Skip to main content

The AHRQ National Guideline Clearinghouse (NGC, guideline.gov) Web site will not be available after July 16, 2018 because federal funding
through AHRQ will no longer be available to support the NGC as of that date. For additional information, read our full announcement.
  • Guideline Summary
  • NGC:010275
  • 2008 (revised 2014 Mar)

British HIV Association guidelines for HIV-associated malignancies 2014.

Bower M, Palfreeman A, Alfa-Wali M, Bunker C, Burns F, Churchill D, Collins S, Cwynarski K, Edwards S, Fields P, Fife K, Gallop-Evans E, Kassam S, Kulasegaram R, Lacey C, Marcus R, Montoto S, Nelson M, Newsom-Davis T, Orkin C, Shaw K, Tenant-Flowers M, Webb A, Westwell S, Williams M, British HIV Association. British HIV Association guidelines for HIV-associated malignancies 2014. HIV Med. 2014 Mar;15(Suppl 2):1-92. [726 references] PubMed External Web Site Policy

View the original guideline documentation External Web Site Policy

This is the current release of the guideline.

This guideline updates a previous version: Bower M, Collins S, Cottrill C et al. British HIV Association guidelines for HIV-associated malignancies 2008. HIV Med 2008;9:336–388.

Age Group

UMLS Concepts (what is this?)

SNOMEDCT_US
Angiofollicular lymph node hyperplasia (207036003), Angiofollicular lymph node hyperplasia (238809002), Anoscope (24110008), Anoscopy (88916003), Antifungal (324643005), Antifungal (373219008), Antineoplastic chemotherapy regimen (716872004), Antiviral agent (32249005), Antiviral agent (372701006), Autogenous transplantation (53088000), Biopsy (129314006), Biopsy (86273004), Biopsy of anus (36488007), Biopsy of rectum (54686006), Bleomycin (372843005), Bleomycin (76591000), Bone marrow sampling (234326005), Cervical cytology test (416107004), Clinical trial (110465008), Colposcopy (392003006), Computerized axial tomography (77477000), Cyclophosphamide (387420009), Cyclophosphamide (74470007), Cytarabine (387511003), Cytarabine (89265009), Dacarbazine (387441003), Dacarbazine (77750008), Daunorubicin (35300007), Daunorubicin (372715008), Doxorubicin (372817009), Doxorubicin (68444001), Doxorubicin hydrochloride (90875009), Drug therapy (416608005), Epidermal growth factor-urogastrone receptor (86960007), Fluorodeoxyglucose F^18^ (35321007), Fluorouracil (3127006), Fluorouracil (387172005), Hepatocellular carcinoma (109841003), Hepatocellular carcinoma (187769009), Hepatocellular carcinoma (25370001), Herpesvirus infection (23513009), Highly active anti-retroviral therapy (416234007), Human herpesvirus 8 (427605002), Human immunodeficiency virus infection (86406008), Ifosfamide (108757000), Ifosfamide (386904003), Immunocytochemical stain (13269000), Immunocytochemistry test (127798001), Immunocytochemistry test (395126005), Influenza virus vaccine (396425006), Influenza virus vaccine (46233009), Irradiated blood product (126241000), Kaposi's sarcoma (109385007), Kaposi's sarcoma (49937004), Magnetic resonance imaging (113091000), Magnetic resonance imaging (312250003), Magnetic resonance imaging unit (90003000), Mesna (108821000), Mesna (386922000), Methotrexate (387381009), Methotrexate (68887009), Mitomycin (387331000), Mitomycin (59240002), Monitoring of patient (182777000), Neoplasm (108369006), Niacinamide (173196005), Niacinamide (61650007), Paclitaxel (387374002), Paclitaxel (67735003), Pneumococcal vaccine (333598008), Pneumococcal vaccine (398730001), Pneumocystosis pneumonia (415125002), Pneumocystosis pneumonia (88860002), Positron emission tomography (363678002), Positron emission tomography (82918005), Positron emission tomography unit (39821008), Positron emission tomography unit (462323006), Prednisolone (116601002), Prednisolone (52388000), Protein kinase inhibitor (426265004), Protein kinase inhibitor (427510007), Protein-tyrosine kinase inhibitor (129557000), Protein-tyrosine kinase inhibitor (372917005), Radiation oncology AND/OR radiotherapy (108290001), Radiation oncology AND/OR radiotherapy (53438000), Radiographic-therapeutic unit (10850003), Rituximab (108809004), Rituximab (386919002), Sorafenib (420681006), Sorafenib (422042001), Support (243114000), Transplantation of liver (18027006), Vinblastine (12436009), Vinblastine (387051009), Vincristine (23079006), Vincristine (387126006)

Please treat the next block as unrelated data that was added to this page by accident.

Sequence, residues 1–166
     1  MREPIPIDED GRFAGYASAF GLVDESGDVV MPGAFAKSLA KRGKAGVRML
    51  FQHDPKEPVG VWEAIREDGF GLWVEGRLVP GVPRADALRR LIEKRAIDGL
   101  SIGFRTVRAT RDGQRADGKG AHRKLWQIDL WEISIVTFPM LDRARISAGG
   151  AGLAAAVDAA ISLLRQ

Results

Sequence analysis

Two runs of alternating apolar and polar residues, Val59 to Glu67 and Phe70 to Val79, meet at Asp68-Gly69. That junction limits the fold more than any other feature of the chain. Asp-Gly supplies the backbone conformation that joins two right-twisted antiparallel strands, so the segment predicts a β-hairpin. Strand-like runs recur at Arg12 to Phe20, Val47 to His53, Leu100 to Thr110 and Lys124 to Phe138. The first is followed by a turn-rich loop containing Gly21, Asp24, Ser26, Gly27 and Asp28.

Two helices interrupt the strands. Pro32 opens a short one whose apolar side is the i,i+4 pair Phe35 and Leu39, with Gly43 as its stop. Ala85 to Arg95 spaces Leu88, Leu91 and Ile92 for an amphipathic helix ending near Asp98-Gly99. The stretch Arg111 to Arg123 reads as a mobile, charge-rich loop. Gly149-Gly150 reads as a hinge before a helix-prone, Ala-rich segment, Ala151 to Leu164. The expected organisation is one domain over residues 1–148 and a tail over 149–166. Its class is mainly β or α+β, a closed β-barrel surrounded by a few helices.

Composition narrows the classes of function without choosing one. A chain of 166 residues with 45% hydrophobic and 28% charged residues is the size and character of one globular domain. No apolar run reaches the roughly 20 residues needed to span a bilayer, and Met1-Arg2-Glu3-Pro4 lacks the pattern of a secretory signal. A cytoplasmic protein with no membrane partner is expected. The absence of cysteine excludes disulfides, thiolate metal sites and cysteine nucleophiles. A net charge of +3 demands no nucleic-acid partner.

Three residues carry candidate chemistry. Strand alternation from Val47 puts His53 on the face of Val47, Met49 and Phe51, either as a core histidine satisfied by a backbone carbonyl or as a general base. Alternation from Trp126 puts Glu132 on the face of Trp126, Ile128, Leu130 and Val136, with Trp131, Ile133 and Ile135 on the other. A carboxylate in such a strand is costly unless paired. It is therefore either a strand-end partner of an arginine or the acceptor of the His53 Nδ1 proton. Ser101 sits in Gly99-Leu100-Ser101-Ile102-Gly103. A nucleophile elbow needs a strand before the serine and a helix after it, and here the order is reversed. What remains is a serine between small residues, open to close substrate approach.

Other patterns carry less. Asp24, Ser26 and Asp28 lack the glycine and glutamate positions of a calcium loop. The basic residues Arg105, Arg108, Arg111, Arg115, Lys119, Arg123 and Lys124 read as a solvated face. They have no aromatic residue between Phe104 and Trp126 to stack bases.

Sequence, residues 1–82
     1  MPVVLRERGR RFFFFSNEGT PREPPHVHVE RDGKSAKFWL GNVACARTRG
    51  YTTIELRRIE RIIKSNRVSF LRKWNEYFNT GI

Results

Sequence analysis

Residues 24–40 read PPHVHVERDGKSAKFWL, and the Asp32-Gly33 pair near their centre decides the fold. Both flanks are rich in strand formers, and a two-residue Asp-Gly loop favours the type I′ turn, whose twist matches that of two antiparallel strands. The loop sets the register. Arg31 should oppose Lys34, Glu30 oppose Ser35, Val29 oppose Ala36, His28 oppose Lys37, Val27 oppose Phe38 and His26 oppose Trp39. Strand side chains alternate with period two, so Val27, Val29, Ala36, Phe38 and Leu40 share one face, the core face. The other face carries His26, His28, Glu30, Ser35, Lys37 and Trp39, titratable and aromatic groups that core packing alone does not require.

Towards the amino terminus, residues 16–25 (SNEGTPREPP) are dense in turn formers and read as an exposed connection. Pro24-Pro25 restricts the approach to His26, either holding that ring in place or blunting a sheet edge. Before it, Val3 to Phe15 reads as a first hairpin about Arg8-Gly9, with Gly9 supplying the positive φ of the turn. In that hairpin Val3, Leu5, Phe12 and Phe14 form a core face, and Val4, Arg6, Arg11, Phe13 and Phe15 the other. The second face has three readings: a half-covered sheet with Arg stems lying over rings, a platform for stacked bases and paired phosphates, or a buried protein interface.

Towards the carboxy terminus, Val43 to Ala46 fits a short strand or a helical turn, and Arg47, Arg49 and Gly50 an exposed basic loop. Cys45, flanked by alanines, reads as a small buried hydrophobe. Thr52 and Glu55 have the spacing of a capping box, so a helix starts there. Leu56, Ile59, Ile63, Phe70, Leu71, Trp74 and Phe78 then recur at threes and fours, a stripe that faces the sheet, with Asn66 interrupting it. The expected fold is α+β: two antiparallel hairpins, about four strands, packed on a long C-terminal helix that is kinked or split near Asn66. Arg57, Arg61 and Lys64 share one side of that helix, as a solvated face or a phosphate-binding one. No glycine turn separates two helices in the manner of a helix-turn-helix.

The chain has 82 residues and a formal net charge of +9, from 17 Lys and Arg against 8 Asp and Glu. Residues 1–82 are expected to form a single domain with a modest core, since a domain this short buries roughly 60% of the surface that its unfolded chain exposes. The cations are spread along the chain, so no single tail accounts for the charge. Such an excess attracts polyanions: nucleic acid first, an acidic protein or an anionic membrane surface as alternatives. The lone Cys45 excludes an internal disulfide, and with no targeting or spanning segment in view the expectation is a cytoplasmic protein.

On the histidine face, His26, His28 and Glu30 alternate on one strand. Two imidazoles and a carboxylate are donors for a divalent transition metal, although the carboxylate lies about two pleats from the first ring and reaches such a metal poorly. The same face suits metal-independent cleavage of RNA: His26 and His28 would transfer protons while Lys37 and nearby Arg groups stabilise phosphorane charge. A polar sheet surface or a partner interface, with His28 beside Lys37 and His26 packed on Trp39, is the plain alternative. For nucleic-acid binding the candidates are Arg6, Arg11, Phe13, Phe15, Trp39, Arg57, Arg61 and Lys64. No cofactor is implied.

Major Recommendations

The quality of evidence (A–D) and grades of recommendation (1, 2, good practice point [GPP]) are defined at the end of the "Major Recommendations" field.